Confident and reflective Milos Raonic wants to prove he belongs in ATP top 10

Canada's Milos Raonic celebrates his win over compatriot Vasek Pospisil during the men's Rogers Cup...

Canada's Milos Raonic celebrates his win over compatriot Vasek Pospisil during the men's Rogers Cup semi-finals tennis tournament match in Montreal August 10, 2013. (REUTERS/Christinne Muschi)

BRIAN DALY, QMI Agency

, Last Updated: 12:24 AM ET

Milos Raonic's surge into the world top 10 might have hinged on a crucial bathroom break.

He had just played one of the worst sets of his season in a high-pressure semifinal match against fellow Canadian Vasek Pospisil with a berth in the Rogers Cup final on the line.

Forehands were sailing into the net and he couldn't return Pospisil's serves worth a lick. He was also broken twice.

Even Raonic's serves were 60 km/h slower than their usual blistering pace.

When the 1-6 second-set nightmare set was over, with the match all square on the biggest stage in Canadian tennis, Raonic hustled off to a washroom outside Centre Court to talk -- or rather shout -- to himself.

"I had so much bottled up inside of me that it was stopping me from playing my best tennis," he told reporters. "I sort of yelled at myself, got a lot of emotions out, told myself if this is going to happen any other way, it's going to be me going out there and pushing as much as I can."

The top tour players have a knack for bouncing back after setbacks and Raonic delivered against an opponent who wasn't about to let up.

Pushing Posipsil to a climactic tiebreak, Raonic's lower-ranked opponent blinked first, giving up two crucial points on forehands that hit the net, including one that drove him to a 4-6 brink.

Raonic capitalized in the 11th and final game, going to the net for a volley that Pospisil couldn't return.

The normally-placid star celebrated the historic victory with a level of emotion he hadn't shown all week -- or rarely in his career -- jumping up and down and glaring into the crowd with a smile.

Now he gets to try his hand against one of the greatest of all time - surging Spaniard Rafael Nadal.

The world No. 3 defeated the tour's top player, Serb Novak Djokovic, 6-4, 3-6, 7-6 (2) in the second semifinal.

Nadal sports a 3-0 career record against Raonic and had high praise for Canada's top player.

"He's a fantastic player. I know him well," Nadal said. "He's had a great season and he played a fantastic tournament."

Nadal also gave a nod to the record five Canadians who made the Rogers Cup second round this week.

"I'm very happy for the Canadians," he said. "There were two Canadians in the semifinals. Keep working. Canada is doing very well."

Not only is Raonic the first Canuck in 55 years to appear in the tournament final, he has crossed a threshold that he had chased all year -- to crack the ATP top 10.

"To be able to do it here in Montreal is pretty amazing," he said. "It's not even just for myself, top 10, just the fact of the match today and everything."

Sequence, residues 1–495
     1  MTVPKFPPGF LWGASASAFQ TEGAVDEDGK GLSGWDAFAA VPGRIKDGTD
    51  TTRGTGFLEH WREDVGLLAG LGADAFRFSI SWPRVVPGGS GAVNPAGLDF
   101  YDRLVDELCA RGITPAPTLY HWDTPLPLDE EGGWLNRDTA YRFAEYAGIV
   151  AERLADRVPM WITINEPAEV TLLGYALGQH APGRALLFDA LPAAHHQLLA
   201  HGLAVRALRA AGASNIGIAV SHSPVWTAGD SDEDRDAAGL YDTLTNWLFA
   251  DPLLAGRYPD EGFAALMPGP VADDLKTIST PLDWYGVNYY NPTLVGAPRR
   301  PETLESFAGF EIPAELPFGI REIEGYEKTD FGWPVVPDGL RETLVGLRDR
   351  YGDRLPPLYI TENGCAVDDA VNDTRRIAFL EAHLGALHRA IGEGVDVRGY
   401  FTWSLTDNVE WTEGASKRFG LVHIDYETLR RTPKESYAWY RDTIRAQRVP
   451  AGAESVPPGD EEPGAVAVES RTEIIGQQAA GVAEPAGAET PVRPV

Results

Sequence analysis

He'll get an immediate chance to prove he belongs with the big boys.

If he wants to score the upset on Sunday, he'll have to cut down on unforced errors that will lead to punishment from the likes of Nadal.

Raonic says it's all about staying on the attack, a tactical change that has been key in the Canadian's ascent to the top of the tennis world.

"I have to try to play as much as I can on my terms," he explained. "I've got to be aggressive ... rather than waiting for them to make errors or anything of that sort."

Raonic has been the anointed one of Canadian tennis since he burst onto the scene with a fourth-round berth in the Australian Open.

With his new spot in the top 10 starting to sink in, Raonic was reflective and even effusive during his post-match news conference.

He recalled a reluctant move to Montreal several years ago when Tennis Canada singled out the 17-year-old as the future centrepiece of the program.

It was the first time he had been away from his parents, but they made the drive from Thornhill, Ont., to visit him nearly every weekend.

"I'm not even close to where I am right now if it wasn't for them, for every opportunity they gave me," he said of Vesna and Dusan Raonic.

"They would drive up here, stay, the whole thing, drive Saturday morning six hours, drive home on Sunday."

Now they can sit back and watch their boy on the biggest stage of his career.

And Canadian tennis fans might have a new all-Canadian rivalry: Raonic-Pospisil.

"I think there's going to be many more times where it happens," Raonic said of potential showdowns with his one-time junior circuit nemesis.

"I think for it to really be a bigtime rivalry, it always has to be on big stages."

For that to happen, Pospisil knows he'll need for his dream run at the Rogers Cup to become routine.

"For my sake I hope we'll see each other a lot more," Raonic said. "That will mean I'll keep up the good form and stuff."

HEAD-TO-HEAD

Year    Name                Round       Surface      Winning Player     Losing Player     Score

2013    Barcelona          SF            Clay          Rafael Nadal         Milos Raonic      6-4, 6-0

2011    Tokyo Outdoor    R16          Hard          Rafael Nadal         Milos Raonic      7-5, 6-3

2010    Tokyo Outdoor    R16          Hard          Rafael Nadal         Milos Raonic      6-4, 6-4

 


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